Département d’organisation et ressources humaines, Université du Québec à Montréal
Hosted by the Japan Foundation Library, I was able to devote part of my time to researching recent Japanese publications in the field of organizational communication and intercultural management … I was also able to participate in the doctoral seminar programs directed by Japanese professors in Kanto and Kansai areas.
Professor Lorrain was awarded a short-term Japan Foundation fellowship in 2015/16. She spent 33 days in the Kanto and Kansai areas for her research on organizational communication.
During the 2000s, I conducted qualitative researches (more than 10) analyzing speeches of Japanese managers responsible for internal communication within their organizations. It has led to many publications.
The objective of the funded research project was, in the form of a meta-analysis of all those publications, (1) to re-read some of the results of those researches on Japanese managers’ communication practices, and (2) to incorporate an update to my reading grid that I designed in the 2000s concerning various postures of managerial communication practice from a comparative perspective based on a review of recent writings.
Hosted by the Japan Foundation Library, I was able to devote part of my time to researching recent Japanese publications in the field of organizational communication and intercultural management. This prestigious library provided me with the opportunity to consult an extraordinary library partly devoted to the subject of my research. I was also able to participate in the doctoral seminar programs directed by Japanese professors in Kanto and Kansai areas. I had the extraordinary opportunity to meet and discuss directly with PhD students, high-calibre Japanese researchers of my ideas on this subject.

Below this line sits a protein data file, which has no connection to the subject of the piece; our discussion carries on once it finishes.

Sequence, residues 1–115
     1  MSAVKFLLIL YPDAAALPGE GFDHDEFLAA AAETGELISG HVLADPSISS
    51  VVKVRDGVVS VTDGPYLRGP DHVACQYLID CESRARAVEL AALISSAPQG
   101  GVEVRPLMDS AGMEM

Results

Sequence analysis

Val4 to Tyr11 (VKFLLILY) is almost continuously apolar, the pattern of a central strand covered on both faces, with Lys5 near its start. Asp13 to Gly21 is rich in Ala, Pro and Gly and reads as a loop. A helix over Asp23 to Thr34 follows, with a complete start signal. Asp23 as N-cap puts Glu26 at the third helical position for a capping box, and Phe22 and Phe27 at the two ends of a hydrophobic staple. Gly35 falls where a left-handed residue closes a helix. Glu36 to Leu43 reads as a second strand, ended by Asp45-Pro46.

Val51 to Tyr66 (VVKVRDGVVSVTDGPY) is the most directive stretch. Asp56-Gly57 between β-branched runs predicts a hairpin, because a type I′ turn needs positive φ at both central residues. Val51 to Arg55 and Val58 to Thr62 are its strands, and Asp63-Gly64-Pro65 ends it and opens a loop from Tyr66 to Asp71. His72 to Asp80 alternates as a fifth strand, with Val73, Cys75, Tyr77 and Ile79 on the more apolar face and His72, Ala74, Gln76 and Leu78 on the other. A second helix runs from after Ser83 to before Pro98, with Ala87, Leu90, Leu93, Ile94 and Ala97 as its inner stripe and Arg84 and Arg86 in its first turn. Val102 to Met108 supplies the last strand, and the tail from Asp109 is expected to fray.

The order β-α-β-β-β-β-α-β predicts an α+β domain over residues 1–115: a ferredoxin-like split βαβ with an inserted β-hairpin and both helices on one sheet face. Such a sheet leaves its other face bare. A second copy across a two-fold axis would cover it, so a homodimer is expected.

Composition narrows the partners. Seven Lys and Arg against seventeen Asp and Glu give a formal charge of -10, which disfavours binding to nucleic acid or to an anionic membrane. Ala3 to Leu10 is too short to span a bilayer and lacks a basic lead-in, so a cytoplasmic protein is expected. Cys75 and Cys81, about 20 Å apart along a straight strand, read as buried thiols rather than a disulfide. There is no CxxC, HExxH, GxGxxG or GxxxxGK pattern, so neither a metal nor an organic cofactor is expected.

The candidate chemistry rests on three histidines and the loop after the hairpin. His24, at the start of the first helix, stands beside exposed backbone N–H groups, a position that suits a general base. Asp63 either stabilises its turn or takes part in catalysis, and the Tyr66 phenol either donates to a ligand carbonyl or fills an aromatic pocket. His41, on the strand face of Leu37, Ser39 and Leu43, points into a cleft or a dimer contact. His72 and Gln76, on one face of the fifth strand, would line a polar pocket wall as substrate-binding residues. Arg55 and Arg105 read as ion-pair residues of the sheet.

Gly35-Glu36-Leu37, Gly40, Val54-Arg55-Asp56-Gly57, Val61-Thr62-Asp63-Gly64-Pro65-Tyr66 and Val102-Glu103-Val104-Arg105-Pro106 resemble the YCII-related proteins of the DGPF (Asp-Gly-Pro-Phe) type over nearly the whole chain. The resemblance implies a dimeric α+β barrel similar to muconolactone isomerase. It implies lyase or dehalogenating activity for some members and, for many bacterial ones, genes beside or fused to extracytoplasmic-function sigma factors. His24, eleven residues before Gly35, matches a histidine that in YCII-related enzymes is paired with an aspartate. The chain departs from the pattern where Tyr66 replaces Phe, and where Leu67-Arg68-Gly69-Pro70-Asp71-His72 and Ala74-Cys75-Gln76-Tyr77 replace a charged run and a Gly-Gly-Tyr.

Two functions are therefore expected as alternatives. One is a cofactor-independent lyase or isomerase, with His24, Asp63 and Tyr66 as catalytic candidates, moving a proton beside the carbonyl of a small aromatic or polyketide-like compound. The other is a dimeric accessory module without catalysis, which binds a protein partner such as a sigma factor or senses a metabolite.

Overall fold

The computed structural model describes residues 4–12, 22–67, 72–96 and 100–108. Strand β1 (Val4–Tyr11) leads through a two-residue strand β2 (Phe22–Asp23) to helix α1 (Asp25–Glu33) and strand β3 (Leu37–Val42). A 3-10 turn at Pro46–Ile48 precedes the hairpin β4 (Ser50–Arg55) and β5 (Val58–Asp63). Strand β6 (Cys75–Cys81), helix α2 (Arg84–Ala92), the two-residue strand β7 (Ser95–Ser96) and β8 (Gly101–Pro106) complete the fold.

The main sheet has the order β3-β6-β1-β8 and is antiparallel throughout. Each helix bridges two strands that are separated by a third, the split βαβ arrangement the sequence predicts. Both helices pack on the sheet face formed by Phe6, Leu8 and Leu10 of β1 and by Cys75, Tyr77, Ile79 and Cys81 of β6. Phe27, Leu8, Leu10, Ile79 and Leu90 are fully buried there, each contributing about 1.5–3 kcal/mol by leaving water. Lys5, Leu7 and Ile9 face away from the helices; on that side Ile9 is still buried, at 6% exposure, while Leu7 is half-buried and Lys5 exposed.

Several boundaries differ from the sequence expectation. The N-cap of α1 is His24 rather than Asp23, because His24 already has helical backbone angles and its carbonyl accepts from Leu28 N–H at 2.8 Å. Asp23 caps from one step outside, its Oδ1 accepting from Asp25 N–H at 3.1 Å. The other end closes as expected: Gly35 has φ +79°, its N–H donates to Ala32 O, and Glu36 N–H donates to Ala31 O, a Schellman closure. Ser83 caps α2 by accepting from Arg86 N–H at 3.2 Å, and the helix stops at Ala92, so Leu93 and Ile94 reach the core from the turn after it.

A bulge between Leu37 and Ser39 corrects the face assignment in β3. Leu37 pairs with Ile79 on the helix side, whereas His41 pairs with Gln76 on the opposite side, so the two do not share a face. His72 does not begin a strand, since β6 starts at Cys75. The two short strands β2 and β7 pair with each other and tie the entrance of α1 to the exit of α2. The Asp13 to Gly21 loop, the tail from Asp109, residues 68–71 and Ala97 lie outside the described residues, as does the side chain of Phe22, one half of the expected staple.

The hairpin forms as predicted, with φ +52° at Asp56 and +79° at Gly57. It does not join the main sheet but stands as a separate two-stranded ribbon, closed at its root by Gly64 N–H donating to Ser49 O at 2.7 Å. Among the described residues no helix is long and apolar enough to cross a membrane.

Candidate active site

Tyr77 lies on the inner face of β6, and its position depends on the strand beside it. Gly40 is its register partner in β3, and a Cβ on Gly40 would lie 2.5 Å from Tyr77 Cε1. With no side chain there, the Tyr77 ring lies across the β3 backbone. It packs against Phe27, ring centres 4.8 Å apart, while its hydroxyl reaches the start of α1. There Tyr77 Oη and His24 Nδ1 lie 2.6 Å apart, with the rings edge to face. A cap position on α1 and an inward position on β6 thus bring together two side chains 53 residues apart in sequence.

Professor Lorrain has taken the knowledge she gained during her stay in Japan and developed her research into teaching material that are used in different management courses at her university.
Thanks to this re-reading work carried out on my grid, it allowed the updating of my publications on the communicational postures of managers from a comparative perspective. This updated publication also helps, from my point of view, to give all its relevance to the current comparative research in the broader field of intercultural management research. It is this current research (comparative research) that has been chosen as the basis of references from which texts in intercultural management are drawn, including my text on communication postures to be read by students taking, for example, the course MOS5320 – Management, Culture and Identity, in the Administration program in our university. [The fellowship helped] to sustain exchanges and practical work with Japanese scholars interested in promoting comparative studies in management on communication practices within organizations. The point of view of Japanese management is important to know, especially the view on the conditions of inter-comprehension, which is an emblematic element of Japanese organizational communicational model.